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Retention in individual trauma-focused treatment following family-based treatment among US veterans

APA Citation:

Dodge, J., Sullivan, K., Grau, P. P., Chen, C., Sripada, R., & Pfeiffer, P. N. (2023). Retention in individual trauma-focused treatment following family-based treatment among US Veterans. JAMA Network Open, 6(12), Article e2349098. https://doi.org/10.1001/jamanetworkopen.2023.49098

Abstract Created by REACH:

This study assessed whether participation in family therapy improved the likelihood of Veterans engaging in their own individual posttraumatic stress disorder (PTSD) treatment. The electronic health records of 1,516,887 Veterans with a PTSD diagnosis were used to determine which, if any, type of family therapy Veterans attended (i.e., cognitive behavioral conjoint therapy [CBCT], integrative behavioral couples therapy [IBCT], behavioral family therapy, or unidentified) and whether Veterans received an adequate dose of individual PTSD treatment (i.e., at least 8 sessions in a 6-month timeframe). In general, most types of family therapy were related to a higher likelihood of Veterans receiving an adequate dose of individual PTSD treatment.


Mental health

Branch of Service:

Multiple branches

Military Affiliation:


Subject Affiliation:

Military families
Spouse of service member or veteran


Adulthood (18 yrs & older)
Young adulthood (18 - 29 yrs)
Thirties (30 - 39 yrs)
Middle age (40 - 64 yrs)


Quanitative Study
Cross sectional


Dodge, Jessica, Sullivan, Kathrine, Grau, Peter P., Chen, Charity, Sripada, Rebecca, Pfeiffer, Paul N.


Despite the availability of several empirically supported trauma-focused interventions, retention in posttraumatic stress disorder (PTSD) psychotherapy is poor. Preliminary efficacy data shows that brief, family-based interventions may improve treatment retention in a veteran’s individual PTSD treatment, although whether this occurs in routine clinical practice is not established.To characterize receipt of family therapy among veterans diagnosed with PTSD and evaluate whether participation in family therapy is associated with an increased likelihood of completing individual trauma-focused treatment.This retrospective cohort study used the Veterans Health Administration (VHA) Informatics and Computing Infrastructure to extract electronic health record data of participants. All participants were US veterans diagnosed with PTSD between October 1, 2015, and December 31, 2019, who attended at least 1 individual trauma-focused treatment session. Statistical analysis was performed from May to August 2023.Receipt of any family psychotherapy and subtype of family-based psychotherapy.Minimally adequate individual trauma-focused treatment completion (ie, 8 or more sessions of trauma-focused treatment in a 6-month period).Among a total of 1 516 887 US veterans with VHA patient data included in the study, 58 653 (3.9%) received any family therapy; 334 645 (23.5%) were Black, 1 006 168 (70.5%) were White, and 86 176 (6.0%) were other race; 1 322 592 (87.2%) were male; 1 201 902 (79.9%) lived in urban areas; and the mean (SD) age at first individual psychotherapy appointment was 52.7 (15.9) years. Among the 58 653 veterans (3.9%) who received any family therapy, 36 913 (62.9%) received undefined family therapy only, 15 528 (26.5%) received trauma-informed cognitive-behavioral conjoint therapy (CBCT) only, 5210 (8.9%) received integrative behavioral couples therapy (IBCT) only, and 282 (0.5%) received behavioral family therapy (BFT) only. Compared with receiving no family therapy, the odds of completing individual PTSD treatment were 7% higher for veterans who also received CBCT (OR, 1.07 [95% CI, 1.01-1.13]) and 68% higher for veterans received undefined family therapy (OR, 1.68 [95% CI, 1.63-1.74]). However, compared with receiving no family therapy care, veterans had 26% lower odds of completing individual PTSD treatment if they were also receiving IBCT (OR, 0.74 [95% CI, 0.66-0.82]).In this cohort study of US veterans, family-based psychotherapies were found to differ substantially in their associations with individual PTSD psychotherapy retention. These findings highlight potential benefits of concurrently providing family-based therapy with individual PTSD treatment but also the need for careful clinical attention to the balance between family-based therapies and individual PTSD treatment.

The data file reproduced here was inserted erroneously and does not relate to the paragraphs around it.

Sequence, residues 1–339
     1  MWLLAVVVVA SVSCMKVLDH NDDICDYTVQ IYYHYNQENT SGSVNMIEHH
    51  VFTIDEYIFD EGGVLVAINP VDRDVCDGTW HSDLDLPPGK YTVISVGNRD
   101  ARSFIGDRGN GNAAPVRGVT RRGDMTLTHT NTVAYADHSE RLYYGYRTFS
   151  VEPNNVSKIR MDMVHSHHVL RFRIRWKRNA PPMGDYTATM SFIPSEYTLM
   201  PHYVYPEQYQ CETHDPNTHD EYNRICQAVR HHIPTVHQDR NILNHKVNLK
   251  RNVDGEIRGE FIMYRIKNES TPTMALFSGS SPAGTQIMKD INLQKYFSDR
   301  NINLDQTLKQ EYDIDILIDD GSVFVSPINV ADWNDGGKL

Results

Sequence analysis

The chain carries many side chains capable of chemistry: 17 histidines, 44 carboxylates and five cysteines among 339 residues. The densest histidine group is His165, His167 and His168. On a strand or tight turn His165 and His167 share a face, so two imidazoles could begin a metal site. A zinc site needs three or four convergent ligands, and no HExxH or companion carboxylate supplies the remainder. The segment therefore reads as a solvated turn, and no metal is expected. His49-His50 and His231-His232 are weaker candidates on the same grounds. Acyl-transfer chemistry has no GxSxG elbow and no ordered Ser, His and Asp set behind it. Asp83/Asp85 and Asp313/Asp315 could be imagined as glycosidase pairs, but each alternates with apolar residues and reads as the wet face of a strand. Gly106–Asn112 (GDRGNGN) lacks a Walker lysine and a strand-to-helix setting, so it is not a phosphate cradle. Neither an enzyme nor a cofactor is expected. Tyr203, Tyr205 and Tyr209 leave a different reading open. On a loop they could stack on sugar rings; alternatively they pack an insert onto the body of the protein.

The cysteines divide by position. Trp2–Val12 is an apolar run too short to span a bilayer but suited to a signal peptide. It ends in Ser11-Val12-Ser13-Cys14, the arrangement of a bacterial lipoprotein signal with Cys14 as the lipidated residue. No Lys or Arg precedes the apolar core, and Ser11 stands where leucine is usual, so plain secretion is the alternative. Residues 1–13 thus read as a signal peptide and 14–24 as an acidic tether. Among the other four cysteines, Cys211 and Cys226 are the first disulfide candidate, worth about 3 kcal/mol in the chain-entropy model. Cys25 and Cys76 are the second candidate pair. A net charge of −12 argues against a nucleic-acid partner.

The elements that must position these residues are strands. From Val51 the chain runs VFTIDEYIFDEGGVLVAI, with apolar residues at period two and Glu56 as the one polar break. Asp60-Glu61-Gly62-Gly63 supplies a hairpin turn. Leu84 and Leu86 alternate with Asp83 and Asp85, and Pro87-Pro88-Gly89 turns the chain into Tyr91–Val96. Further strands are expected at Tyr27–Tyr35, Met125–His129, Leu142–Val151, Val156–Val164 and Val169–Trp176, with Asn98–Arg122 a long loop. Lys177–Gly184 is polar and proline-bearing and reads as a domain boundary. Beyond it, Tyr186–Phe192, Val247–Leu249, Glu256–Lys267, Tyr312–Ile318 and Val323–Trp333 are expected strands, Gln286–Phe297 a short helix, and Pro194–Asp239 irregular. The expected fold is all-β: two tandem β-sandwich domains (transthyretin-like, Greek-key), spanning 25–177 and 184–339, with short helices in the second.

Publication Type:

REACH Publication


Therapy, Treatment, PTSD

View Research Summary:

REACH Publication Type:

Research Summary

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  March 2024

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